“Why do I feel most alive when I am working myself to death?”
“I feel like I am missing some pieces of the puzzle.”
“I don’t even feel 39.”
Since August 2005, We Feel Fine has been harvesting human feelings from a large number of weblogs at LiveJournal. Every few minutes, the system searches the world’s newly posted blog entries for occurrences of the phrases “I feel” and “I am feeling”. When it finds such a phrase, it records the full sentence, up to the period, and identifies the “feeling” expressed in that sentence (e.g.; sad, happy, depressed, etc.). Because blogs are structured in largely standard ways, the age, gender, and geographical location of the author can often be extracted and saved along with the sentence, as can the local weather conditions at the time the sentence was written. All of this information is saved.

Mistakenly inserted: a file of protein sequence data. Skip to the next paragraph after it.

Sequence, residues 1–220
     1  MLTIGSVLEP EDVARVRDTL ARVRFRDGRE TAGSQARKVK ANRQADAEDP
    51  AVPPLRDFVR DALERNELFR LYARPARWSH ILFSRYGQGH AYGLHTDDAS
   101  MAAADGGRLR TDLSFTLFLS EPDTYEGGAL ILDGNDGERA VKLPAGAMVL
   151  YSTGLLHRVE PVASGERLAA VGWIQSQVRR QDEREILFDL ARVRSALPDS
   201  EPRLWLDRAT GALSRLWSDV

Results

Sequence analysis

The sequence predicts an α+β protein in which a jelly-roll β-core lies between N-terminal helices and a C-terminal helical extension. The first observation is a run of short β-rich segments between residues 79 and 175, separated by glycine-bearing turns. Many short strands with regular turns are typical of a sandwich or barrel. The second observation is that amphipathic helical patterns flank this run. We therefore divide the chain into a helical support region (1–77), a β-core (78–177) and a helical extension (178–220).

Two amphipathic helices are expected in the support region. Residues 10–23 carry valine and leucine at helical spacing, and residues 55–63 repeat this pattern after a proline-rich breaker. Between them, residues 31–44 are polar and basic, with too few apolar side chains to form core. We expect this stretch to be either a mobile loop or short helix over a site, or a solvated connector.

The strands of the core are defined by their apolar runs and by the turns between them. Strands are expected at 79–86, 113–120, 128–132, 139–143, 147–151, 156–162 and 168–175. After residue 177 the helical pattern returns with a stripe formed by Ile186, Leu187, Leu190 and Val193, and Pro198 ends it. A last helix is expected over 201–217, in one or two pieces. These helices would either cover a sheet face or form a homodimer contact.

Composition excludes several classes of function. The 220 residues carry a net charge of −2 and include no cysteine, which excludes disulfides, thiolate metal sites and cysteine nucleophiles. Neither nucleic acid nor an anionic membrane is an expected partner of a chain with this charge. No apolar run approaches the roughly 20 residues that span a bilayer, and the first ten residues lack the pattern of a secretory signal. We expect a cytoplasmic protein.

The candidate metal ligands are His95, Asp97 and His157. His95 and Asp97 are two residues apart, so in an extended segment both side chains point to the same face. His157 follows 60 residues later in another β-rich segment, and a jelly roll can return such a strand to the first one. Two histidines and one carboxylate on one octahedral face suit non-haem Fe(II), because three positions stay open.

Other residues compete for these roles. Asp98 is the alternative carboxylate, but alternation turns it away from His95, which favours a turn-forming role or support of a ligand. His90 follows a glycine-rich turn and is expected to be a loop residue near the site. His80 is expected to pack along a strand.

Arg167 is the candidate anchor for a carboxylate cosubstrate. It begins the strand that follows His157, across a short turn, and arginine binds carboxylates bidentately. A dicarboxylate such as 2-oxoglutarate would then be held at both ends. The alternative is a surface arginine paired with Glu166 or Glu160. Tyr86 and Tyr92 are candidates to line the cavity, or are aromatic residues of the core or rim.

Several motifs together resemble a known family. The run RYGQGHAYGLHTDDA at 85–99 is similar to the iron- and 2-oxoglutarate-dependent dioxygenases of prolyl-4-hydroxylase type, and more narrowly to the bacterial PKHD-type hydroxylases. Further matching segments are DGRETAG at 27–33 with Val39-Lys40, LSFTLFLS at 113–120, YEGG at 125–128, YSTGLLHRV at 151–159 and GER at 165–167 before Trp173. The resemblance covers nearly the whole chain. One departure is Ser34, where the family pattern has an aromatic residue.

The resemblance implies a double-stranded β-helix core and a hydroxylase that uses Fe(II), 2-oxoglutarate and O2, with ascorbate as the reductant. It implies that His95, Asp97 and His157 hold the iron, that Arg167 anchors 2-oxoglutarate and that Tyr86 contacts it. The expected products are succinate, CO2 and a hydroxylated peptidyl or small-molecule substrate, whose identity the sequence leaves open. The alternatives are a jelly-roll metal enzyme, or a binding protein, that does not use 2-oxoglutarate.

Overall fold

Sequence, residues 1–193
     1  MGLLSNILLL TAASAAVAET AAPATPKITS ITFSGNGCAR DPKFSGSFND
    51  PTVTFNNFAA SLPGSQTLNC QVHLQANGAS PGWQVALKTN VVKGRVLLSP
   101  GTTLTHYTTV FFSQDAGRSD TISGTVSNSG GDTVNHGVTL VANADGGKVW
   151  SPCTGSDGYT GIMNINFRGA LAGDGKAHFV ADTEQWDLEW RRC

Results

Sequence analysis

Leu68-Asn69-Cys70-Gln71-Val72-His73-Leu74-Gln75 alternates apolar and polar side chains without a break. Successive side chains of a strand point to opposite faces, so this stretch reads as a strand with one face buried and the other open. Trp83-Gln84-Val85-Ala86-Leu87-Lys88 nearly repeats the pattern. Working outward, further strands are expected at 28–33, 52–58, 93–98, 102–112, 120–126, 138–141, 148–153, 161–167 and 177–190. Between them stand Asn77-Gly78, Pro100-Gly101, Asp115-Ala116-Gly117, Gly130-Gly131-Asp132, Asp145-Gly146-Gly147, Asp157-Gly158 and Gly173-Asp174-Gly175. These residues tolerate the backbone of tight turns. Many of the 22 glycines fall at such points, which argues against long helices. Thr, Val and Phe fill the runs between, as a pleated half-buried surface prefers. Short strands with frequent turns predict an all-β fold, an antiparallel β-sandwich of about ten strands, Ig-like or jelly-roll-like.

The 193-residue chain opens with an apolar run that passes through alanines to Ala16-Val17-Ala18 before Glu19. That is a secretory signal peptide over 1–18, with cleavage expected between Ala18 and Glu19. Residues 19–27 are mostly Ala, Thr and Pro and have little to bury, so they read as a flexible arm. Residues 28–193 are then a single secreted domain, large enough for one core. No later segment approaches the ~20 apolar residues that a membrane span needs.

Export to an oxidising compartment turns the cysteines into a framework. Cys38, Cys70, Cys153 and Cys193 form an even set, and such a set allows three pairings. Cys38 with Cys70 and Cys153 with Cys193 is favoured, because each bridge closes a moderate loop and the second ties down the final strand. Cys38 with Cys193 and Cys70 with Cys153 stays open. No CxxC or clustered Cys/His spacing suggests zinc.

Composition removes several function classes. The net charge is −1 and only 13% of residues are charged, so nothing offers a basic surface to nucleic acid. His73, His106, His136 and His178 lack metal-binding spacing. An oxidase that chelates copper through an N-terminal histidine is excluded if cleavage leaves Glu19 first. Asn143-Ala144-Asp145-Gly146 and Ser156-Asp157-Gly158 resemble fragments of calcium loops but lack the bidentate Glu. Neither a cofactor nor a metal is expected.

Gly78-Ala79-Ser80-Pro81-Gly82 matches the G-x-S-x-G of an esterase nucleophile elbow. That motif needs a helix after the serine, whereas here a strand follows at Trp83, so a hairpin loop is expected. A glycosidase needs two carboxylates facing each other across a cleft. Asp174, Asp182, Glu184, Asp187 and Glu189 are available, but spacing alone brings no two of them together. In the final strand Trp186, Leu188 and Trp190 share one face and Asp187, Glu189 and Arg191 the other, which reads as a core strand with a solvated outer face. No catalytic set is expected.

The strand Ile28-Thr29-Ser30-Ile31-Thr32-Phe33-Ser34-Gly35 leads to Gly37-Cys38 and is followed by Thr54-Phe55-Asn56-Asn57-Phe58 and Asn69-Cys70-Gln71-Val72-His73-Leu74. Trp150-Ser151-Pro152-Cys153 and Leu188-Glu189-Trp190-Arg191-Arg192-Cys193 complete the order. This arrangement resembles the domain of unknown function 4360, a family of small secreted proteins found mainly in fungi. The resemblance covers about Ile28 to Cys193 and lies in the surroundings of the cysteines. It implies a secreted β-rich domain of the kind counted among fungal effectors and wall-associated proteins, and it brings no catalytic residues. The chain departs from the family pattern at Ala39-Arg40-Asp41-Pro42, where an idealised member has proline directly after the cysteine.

The interface to this data is a self-organizing particle system, where each particle represents a single feeling posted by a single individual. The particles’ properties – color, size, shape, opacity – indicate the nature of the feeling inside, and any particle can be clicked to reveal the full sentence or photograph it contains. The quote can then be clicked to go back to the blog entry where it originally appeared.
The result is a database of several million human feelings, increasing by 15,000 – 20,000 new feelings per day. Using a series of playful interfaces, the feelings can be searched and sorted across a number of demographic slices, offering responses to specific questions like: do Europeans feel sad more often than Americans? Do women feel fat more often than men? Does rainy weather affect how we feel? What are the most representative feelings of female New Yorkers in their 20s? What do people feel right now in Baghdad? What were people feeling on Valentine’s Day? Which are the happiest cities in the world? The saddest? And so on.